Thatcher was told to hide pro-Israel sympathies [p.7]

By JPOST STAFF
December 30, 2005 01:42
2 minute read.

 
X

Dear Reader,
As you can imagine, more people are reading The Jerusalem Post than ever before. Nevertheless, traditional business models are no longer sustainable and high-quality publications, like ours, are being forced to look for new ways to keep going. Unlike many other news organizations, we have not put up a paywall. We want to keep our journalism open and accessible and be able to keep providing you with news and analyses from the frontlines of Israel, the Middle East and the Jewish World.

As one of our loyal readers, we ask you to be our partner.

For $5 a month you will receive access to the following:

  • A user experience almost completely free of ads
  • Access to our Premium Section
  • Content from the award-winning Jerusalem Report and our monthly magazine to learn Hebrew - Ivrit
  • A brand new ePaper featuring the daily newspaper as it appears in print in Israel

Help us grow and continue telling Israel’s story to the world.

Thank you,

Ronit Hasin-Hochman, CEO, Jerusalem Post Group
Yaakov Katz, Editor-in-Chief

UPGRADE YOUR JPOST EXPERIENCE FOR 5$ PER MONTH Show me later Don't show it again

British Foreign Office officials were so concerned about Margaret Thatcher's pro-Israeli sympathies when she became Tory leader they wanted her to break off links with local Jewish groups and even swap her constituency, according to newly-released official papers published in the British media on Thursday. Files released to the National Archives in Kew under the 30-year rule reveal that diplomats feared she would be seen by Arab countries as a "prisoner of the Zionists," the Evening Standard reported. One official quoted in another newspaper suggested she give up her Finchley parliamentary seat in north London - which is home to a large Jewish community - for somewhere more palatable to Arab opinion. The issue of Thatcher's membership of groups, such as the Anglo-Israel Friendship League of Finchley and Conservative Friends of Israel, was raised during a visit by shadow foreign secretary Lord Carrington to Jordan in 1975. "He asked the ambassador's advice on this and was assured that such a connection, which would inevitably do much harm in the Arab world, should if at all practicable be severed," said Michael Tait, an official in the British embassy. "Carrington agreed that Mrs. Thatcher might most painlessly and with some justification get herself off the hook by resigning from all constituency obligations of this sort on the grounds of the rather wider obligations she has now to assume. "Such a stratagem might resolve the problem in Finchley but if Mrs. Thatcher is indeed a prime mover in a wider parliamentary grouping of pro-Israeli MPs then the difficulty would be trickier to bypass. "While we as government and not opposition officials may have no particular brief on Thatcher's behalf, it is presumably in the national interest to do what we can to counter Arab fears and suspicions that the opposition leader is already a prisoner of the Zionists." The Foreign Office was sympathetic, noting that the Conservative Central Office was "well aware of the problems which these links might pose." One official added, however: "We do not think there is anything we can, or should do about Thatcher's membership of pro-Israeli organizations." In fact, the French news agency AFP noted, he was right. Thatcher was president of the Anglo-Friendship League of Finchley in 1983, and was still president of Finchley Friends of Israel in 1990.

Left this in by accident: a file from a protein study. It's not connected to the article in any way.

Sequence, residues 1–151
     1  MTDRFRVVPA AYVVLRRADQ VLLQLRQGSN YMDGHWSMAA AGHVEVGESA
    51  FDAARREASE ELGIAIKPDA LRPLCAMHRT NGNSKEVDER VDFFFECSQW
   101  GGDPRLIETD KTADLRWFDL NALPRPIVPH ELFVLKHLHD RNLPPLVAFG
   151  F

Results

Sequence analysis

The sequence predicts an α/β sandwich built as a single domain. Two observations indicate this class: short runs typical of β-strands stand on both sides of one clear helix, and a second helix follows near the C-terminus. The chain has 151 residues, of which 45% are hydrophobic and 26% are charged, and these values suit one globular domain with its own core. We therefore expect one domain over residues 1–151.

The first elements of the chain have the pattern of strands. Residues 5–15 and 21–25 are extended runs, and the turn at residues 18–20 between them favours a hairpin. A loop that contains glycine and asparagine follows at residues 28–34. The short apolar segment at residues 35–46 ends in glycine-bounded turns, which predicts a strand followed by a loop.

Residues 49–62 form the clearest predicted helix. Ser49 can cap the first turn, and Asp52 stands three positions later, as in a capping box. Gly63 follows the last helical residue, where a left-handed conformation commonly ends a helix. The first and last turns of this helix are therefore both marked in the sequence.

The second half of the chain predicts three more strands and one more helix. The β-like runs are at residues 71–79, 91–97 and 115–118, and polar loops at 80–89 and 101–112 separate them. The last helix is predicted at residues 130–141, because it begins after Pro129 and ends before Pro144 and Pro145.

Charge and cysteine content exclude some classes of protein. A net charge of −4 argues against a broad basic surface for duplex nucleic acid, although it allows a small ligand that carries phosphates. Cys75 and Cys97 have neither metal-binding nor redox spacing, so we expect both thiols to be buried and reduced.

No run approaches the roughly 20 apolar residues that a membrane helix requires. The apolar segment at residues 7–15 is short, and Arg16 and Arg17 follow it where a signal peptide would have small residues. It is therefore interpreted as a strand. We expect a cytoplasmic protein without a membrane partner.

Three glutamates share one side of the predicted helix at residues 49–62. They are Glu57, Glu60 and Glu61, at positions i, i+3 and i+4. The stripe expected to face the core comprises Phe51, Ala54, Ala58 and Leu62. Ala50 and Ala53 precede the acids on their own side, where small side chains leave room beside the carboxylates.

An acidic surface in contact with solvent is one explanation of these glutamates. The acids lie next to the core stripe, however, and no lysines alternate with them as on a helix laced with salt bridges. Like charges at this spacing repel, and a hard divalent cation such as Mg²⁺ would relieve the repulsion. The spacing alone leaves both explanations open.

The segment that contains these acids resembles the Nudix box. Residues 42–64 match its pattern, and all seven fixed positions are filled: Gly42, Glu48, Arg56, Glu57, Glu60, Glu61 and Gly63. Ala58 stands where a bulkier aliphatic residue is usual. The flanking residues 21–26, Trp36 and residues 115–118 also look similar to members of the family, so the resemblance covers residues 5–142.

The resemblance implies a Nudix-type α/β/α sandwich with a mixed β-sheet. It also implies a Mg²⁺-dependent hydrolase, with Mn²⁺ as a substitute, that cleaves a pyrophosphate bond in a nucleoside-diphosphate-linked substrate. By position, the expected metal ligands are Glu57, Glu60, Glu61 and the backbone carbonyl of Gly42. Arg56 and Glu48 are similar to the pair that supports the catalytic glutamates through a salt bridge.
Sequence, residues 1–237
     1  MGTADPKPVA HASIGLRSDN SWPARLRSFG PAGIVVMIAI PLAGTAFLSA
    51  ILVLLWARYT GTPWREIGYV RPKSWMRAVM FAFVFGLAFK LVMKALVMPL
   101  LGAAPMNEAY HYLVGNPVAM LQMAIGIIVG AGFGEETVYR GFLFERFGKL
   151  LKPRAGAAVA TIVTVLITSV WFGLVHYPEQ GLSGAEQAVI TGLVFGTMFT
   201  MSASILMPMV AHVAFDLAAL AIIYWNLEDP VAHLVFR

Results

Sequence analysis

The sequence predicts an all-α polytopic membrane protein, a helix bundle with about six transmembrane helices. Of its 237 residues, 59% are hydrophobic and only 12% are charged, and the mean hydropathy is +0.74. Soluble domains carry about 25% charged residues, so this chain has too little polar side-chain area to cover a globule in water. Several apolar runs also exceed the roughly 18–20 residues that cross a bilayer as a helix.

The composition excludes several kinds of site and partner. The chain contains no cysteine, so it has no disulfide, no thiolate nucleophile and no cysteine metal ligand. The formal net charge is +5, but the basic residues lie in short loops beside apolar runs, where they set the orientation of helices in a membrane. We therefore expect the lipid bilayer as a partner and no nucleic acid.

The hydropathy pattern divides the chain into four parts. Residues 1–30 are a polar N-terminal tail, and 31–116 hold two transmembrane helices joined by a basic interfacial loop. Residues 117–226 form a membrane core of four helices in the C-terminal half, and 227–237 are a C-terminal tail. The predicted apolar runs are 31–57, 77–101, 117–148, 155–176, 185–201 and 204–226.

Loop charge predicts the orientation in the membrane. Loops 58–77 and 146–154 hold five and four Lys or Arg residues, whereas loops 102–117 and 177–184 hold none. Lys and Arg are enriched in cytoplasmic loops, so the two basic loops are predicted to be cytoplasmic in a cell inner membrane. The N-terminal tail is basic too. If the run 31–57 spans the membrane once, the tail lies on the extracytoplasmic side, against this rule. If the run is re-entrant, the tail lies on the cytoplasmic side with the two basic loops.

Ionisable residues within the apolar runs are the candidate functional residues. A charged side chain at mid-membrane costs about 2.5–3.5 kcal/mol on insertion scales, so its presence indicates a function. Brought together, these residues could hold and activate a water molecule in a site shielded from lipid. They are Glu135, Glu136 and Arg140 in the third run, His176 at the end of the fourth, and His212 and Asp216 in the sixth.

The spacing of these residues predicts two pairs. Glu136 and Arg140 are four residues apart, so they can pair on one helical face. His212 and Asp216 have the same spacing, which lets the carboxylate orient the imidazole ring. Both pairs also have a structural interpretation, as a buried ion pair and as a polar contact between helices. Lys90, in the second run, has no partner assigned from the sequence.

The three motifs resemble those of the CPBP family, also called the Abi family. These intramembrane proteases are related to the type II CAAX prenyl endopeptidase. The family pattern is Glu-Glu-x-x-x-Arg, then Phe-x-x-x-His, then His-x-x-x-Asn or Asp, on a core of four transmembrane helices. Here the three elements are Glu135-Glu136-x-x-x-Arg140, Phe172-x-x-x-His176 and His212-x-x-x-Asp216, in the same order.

Related Content

Antiquities are unwrapped as thousands of priceless antiques from across war-ravaged Syria are gathe
August 19, 2018
India’s looted past and terrorism funding

By MAYA MARGIT/THE MEDIA LINE